Motor Mount

Motor Mounts
Engine Mounts

Engine mounts are what separate you from the nasty vibrations and harmonics created by the internal combustion engine. Without these simple items, you would feel exactly how rough the engine in your vehicle really is, even when running properly. In this article we will explain what an engine mount is, what it does and why they are necessary for a comfortable driving experience. Engine mounts are basically rubber isolators that are mounted between the engine in a vehicle and the frame. They hold the engine in place while absorbing the vibrations caused by the engine, creating a quiet, smooth feeling inside the vehicle. They are made of rubber to absorb vibration without transferring it, but some manufacturers have tried using a liquid (oil) filled mount to dampen vibration with some success. In some performance applications polyurethane or solid steel mounts are used, these mounts transfer vibration, but can withstand the abuse and high-horsepower applications seen in racing where a comfortable, smooth ride isn’t really an issue.

In a rear wheel drive vehicle there are usually two engine mounts, one on either side of the engine. Front wheel drive applications may incorporate more mounts to help control the torque of the engine, usually one on both sides and one in the front center. Front wheel drive mounts are engineered differently from rear wheel drive due to the fact that the engine is sometimes hanging on them due to space constraints in front wheel drive vehicles whereas a rear wheel drive engine is usually sitting on top of the mounts. Front wheel drives sometimes incorporate a “dog bone” or torque mount, its sole job is to control the torque twisting of the engine so that the other mounts aren’t stressed as much. These torque mounts are a common failure on vehicles that use them.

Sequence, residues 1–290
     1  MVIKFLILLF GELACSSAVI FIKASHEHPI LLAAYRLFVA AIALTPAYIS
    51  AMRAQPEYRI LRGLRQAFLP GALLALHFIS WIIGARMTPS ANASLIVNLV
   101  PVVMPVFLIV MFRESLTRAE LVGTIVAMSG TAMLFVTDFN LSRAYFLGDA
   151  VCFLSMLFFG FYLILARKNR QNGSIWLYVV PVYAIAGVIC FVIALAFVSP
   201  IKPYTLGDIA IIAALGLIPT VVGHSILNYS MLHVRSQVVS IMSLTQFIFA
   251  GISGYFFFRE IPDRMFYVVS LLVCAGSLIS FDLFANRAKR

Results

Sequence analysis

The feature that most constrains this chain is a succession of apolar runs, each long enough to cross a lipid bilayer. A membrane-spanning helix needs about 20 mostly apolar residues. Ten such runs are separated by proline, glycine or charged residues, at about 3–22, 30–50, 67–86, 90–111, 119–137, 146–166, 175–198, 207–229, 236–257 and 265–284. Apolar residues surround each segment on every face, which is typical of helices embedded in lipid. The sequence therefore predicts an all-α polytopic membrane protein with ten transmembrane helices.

When an engine mount breaks it can cause many different things to happen; usually you will hear and feel a heavy clunk when accelerating, this is the engine moving around in the engine compartment. Other times the engine vibration may become more pronounced due to the mount collapsing, this will transfer the vibrations of the engine to the frame, thus the interior of the vehicle. This situation can cause the failure of hoses or anything that is mounted to the frame from the engine. It can also cause the throttle to stick on older vehicles with mechanical linkages instead of cables. In front wheel drive vehicles, a broken mount can cause the axle to fail or pop out of the transmission, causing the vehicle to stop moving. 

When one mount breaks it adds more stress to the remaining mounts, and should be taken care of as soon as possible. Many things: oil contamination, hard shifting (manual transmission), excessive high idle, or the combination of age and engine compartment heat can cause engine mount failure. To inspect your motor mounts, lift and support the vehicle. Use a flashlight to see if the rubber has deteriorated or collapsed from the weight of the engine or if they are obviously torn, if so you will need to replace them. If they are oil soaked from an engine or transmission oil leak, the leak should be repaired as well or it will cause the new mount to fail as well.

If you suspect your vehicle is in need of new mounts, they can be found at most parts stores. They should last for many years, unless subjected to abuse from other than normal situations. Be warned, some applications require a wide variety of different tools and equipment to be able to lift and support the engine while replacing the mounts. Most mounts are bolted to the engine and transmission, while others are bolted to the frame of the vehicle. When purchasing new engine mounts for your vehicle, always use an OEM (Original Equipment Manufacturer) or equivalent, less expensive mounts are made of lower quality material and may not perform as well or last as long as the higher quality part will.

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Written by
Co-Founder and CEO of
35 years in the automotive repair field, ASE Master Technician, Advanced Electrical and Mechanical Theory.


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Article first published (Updated 2013-08-19)